Among my interests are nature, the climate, and athletics. The continuing functioning of existing ecosystems is important for people's well-being, and in the
long run, essential for the survival of humanity. I used to be active in the Environmentalist Youth organisation in Norway, including being the
leader of the local branch "Ski Natur og Ungdom". I am a member of many organizations for the protection of the environment, including
Concerned Scientists Norway.
Walking, running, and cross-country skiing in forests, hills, and mountains have been part of my life since
I was a small child. I enjoy being out in beautiful, peaceful, and clean natural environments and combining this with physical exercise.
I have also enjoyed taking part in competitions. From the age of eight to twenty, I skied daily in the winter seasons. In the junior class,
I was No. 1 in
Vidarløpet (for many years the largest ski race in the world) and No. 4 in
Skarverennet. In the
Holmenkollen Ski Marathon,
I was No. 3 out of a total of 8000 participants. However, being a top cross-country skier in Norway is almost a full-time job. I therefore ended my skiing career when I started studying at the university, but I still continued somewhat with track and field. When I was 18-20 years old, I ran 1.56 on 800m, 3.56 on 1500m, and 15.10 on 5000m.
In 1988, I had a 3-year plan to see how far I could go. The year after, I ran 8.23 on 3000m, 14.38 on 5000m, 30.50 on 10K, and 1.07.18 on a half marathon. (The
statistics show that over the recent years there has been a significant decline in the quantity of fast runners. During the years 1990-1999, 38 athletes in Norway ran faster than my personal best on a half marathon. During 2000-2009, only 11 ran faster.) In 1990, I received a PhD scholarship and quickly realized that it was impossible to complete a PhD on time when running 10-11 times a week. I therefore had to end my active career in athletics, but I still train about three times a week.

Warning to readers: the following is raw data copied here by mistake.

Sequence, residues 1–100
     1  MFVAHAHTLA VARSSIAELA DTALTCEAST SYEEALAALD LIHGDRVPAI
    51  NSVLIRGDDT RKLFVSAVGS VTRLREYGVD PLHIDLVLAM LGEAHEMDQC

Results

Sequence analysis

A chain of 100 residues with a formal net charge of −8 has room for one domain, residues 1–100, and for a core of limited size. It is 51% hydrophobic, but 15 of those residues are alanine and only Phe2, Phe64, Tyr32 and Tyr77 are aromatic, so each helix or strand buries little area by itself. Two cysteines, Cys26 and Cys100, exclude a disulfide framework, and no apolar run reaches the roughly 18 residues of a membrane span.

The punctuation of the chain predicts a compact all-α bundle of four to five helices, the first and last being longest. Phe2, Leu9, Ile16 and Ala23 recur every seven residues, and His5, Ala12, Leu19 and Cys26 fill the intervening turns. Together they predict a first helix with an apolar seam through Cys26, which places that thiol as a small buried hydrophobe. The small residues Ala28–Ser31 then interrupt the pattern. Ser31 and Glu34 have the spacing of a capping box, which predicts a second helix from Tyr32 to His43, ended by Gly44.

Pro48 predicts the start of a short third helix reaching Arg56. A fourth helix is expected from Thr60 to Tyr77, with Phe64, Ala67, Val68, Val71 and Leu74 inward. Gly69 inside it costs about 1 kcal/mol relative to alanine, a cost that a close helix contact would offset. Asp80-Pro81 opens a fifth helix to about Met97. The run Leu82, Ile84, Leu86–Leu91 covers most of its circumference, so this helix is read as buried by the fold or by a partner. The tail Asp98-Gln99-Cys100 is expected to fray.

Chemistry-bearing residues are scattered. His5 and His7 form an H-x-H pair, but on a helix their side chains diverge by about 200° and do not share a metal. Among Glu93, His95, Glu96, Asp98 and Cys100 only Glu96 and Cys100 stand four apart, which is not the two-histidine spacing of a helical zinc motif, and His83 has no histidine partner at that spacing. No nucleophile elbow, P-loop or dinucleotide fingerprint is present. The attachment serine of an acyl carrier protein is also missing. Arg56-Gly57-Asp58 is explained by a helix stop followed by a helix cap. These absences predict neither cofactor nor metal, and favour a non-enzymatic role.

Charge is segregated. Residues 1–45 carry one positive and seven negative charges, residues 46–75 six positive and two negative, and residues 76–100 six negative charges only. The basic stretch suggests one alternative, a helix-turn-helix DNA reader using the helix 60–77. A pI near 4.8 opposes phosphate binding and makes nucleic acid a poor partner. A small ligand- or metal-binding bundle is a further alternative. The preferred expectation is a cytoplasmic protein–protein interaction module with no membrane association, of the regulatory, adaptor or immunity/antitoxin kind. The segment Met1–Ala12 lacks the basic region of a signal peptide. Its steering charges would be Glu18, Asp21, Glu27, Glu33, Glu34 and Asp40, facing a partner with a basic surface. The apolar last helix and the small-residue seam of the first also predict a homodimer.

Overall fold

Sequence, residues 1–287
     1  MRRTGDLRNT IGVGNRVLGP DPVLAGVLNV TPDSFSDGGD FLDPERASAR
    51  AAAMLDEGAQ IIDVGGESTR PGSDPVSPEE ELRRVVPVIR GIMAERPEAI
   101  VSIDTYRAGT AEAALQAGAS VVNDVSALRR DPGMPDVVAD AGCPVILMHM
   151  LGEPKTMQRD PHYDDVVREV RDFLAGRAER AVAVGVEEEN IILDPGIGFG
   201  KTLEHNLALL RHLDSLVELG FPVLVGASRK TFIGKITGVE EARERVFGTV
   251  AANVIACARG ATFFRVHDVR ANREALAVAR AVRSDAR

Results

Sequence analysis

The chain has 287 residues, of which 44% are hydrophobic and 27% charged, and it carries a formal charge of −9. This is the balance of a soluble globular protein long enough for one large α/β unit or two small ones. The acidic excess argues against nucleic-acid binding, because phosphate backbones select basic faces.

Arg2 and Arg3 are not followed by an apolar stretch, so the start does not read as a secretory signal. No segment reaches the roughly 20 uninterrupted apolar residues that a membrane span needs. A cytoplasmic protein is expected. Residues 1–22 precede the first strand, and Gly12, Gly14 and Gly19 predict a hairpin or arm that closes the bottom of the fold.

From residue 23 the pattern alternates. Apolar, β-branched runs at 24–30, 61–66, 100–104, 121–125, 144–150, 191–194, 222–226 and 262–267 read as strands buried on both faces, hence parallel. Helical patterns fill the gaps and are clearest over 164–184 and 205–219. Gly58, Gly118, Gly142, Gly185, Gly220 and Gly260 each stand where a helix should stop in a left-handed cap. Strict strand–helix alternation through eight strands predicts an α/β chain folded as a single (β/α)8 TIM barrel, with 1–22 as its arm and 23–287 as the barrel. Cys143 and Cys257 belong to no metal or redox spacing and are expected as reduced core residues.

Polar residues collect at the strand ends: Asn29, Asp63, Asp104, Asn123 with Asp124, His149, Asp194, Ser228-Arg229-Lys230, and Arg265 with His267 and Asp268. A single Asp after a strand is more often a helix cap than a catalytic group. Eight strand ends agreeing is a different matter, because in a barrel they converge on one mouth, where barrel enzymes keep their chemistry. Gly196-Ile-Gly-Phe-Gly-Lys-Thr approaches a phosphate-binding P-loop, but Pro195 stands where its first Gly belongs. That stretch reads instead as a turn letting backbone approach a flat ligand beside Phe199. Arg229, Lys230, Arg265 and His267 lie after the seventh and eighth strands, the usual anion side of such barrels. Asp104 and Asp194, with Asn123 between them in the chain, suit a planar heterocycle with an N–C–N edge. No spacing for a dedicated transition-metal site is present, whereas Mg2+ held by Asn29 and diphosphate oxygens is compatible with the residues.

Recently, there has been more difficult to practice cross-country skiing due to the noticeable warmer climate. The number of days with skiing opportunities (defined as more than 25 cm snow on the ground) has during 2000-2009 been reduced by 40 % (compared with the average of 1960-1990) in the lower regions of the Oslo area and by 25 % in the higher regions. Nevertheless, this winter (2010) provided exceptionally good skiing conditions with superb tracks at my doorstep. I therefore trained a bit more than usual and took part in the
Oslo City Centre Race. My race time was 37 minutes, which is about 6 minutes slower than last time I took part in a 10K race, 21 years ago.